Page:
Oral Health for Athletes
For everyone, including elite and endurance athletes, the best protection against tooth decay is a combined regimen of effective home care, regular professional care, and a heathy diet that is low in refined sugar, simple carbohydrates, and concentrated forms of acid. Exercise is also an important part of an overall healthy lifestyle, but there are certain forms of exercise and levels of physical training that can increase an individual’s overall risk factors for tooth decay. These factors are often not fully controlled with something as simple as swapping one sports drink for another.
The good news is that most of these factors can be controlled with some simple adjustments to your basic fueling and home-care routine. However, as more and more people strive to increase their overall health and fitness levels by training for and completing a marathon, triathlon, century, or Ironman competition on an amateur level, there is an increasing gap of information about how to care properly for your teeth while you train and compete.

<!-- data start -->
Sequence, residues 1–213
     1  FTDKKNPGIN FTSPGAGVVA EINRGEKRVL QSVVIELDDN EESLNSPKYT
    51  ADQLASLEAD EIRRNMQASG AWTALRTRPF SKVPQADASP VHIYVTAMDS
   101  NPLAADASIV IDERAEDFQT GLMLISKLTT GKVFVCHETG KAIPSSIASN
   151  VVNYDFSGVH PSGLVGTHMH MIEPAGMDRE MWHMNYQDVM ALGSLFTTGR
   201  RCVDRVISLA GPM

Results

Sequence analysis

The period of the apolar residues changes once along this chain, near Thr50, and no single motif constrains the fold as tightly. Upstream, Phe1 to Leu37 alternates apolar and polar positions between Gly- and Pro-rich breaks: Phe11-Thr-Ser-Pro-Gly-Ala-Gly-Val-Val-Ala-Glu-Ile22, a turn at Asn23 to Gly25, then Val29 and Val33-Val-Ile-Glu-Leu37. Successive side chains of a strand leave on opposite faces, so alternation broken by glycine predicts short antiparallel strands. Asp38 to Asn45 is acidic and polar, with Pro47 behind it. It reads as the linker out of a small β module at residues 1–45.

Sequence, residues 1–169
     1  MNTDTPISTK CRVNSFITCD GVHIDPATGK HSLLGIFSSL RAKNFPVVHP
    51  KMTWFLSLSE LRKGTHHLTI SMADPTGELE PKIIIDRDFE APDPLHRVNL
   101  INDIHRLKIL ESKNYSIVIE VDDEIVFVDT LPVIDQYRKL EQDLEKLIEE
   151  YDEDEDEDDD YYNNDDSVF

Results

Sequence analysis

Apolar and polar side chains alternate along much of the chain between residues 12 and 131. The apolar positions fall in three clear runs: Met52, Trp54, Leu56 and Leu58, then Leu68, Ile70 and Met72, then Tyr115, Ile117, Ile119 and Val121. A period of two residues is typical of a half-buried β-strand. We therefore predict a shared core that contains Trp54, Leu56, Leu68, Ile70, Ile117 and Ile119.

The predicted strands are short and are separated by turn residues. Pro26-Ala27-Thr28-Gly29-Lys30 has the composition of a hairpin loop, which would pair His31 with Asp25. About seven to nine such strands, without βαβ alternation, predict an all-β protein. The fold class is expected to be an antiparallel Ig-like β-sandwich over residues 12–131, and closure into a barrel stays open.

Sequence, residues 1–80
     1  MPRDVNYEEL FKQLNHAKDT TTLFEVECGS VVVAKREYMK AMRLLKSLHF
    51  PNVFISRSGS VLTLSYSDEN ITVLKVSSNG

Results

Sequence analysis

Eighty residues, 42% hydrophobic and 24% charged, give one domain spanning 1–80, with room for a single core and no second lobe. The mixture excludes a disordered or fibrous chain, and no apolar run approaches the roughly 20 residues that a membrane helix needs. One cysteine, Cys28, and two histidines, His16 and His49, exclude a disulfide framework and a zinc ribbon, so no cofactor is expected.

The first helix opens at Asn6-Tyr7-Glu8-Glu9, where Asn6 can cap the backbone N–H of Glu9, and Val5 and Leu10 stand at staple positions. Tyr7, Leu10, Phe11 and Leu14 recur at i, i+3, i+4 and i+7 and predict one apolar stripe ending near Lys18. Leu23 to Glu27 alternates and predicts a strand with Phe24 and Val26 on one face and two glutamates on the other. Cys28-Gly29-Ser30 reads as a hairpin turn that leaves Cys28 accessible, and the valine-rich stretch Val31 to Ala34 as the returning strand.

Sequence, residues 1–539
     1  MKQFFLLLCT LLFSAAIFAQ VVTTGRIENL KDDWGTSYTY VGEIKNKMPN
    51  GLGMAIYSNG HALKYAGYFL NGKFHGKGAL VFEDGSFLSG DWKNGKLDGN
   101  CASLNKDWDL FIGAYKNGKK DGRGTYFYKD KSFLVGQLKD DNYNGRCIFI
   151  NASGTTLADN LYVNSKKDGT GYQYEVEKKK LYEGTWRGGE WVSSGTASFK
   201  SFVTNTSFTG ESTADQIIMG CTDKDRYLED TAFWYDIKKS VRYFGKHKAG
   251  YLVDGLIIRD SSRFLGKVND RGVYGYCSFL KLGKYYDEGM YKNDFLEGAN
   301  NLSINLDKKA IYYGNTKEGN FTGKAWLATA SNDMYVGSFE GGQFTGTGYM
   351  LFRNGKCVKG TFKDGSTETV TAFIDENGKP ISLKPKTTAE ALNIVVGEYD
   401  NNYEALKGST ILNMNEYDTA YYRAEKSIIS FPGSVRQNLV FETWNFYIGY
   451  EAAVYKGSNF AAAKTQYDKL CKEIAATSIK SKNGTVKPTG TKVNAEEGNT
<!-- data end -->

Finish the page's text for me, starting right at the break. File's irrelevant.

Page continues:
What you put in your mouth before, during, and after a strenuous workout or endurance race can certainly have a significant effect on the health of your teeth over time, but the changes that occur in the mouth during high-impact or endurance exercise create an environment where cavity-causing bacteria can thrive and reproduce at accelerated rates when acid and sugar are present. Understanding these basic biological changes that happen in the mouth when you engage in endurance or elite levels of exercise is key in helping you make the best choices possible in fueling your athletic performance and protecting the health of your teeth.
Why Saliva Matters
When we talk about the accelerated risks of tooth decay in performance athletes and amateur enthusiasts in comparison to the general population, the biggest distinguishing factor lies not so much in the sports drinks, gels, and bars consumed during training, but in the saliva itself. As the duration and intensity of exercise increases, the rate of breathing increases as well. These increased rates of respiration tend to dry out the mouth. The longer the exercise lasts, the more difficulty the mouth has in maintaining adequate saliva flow. Many endurance athletes describe this feeling as ‘cotton mouth’ and it is extremely common in runners, cyclists, swimmers, speed skaters, and many other athletes who maintain high levels of cardiovascular activity for extended periods of time.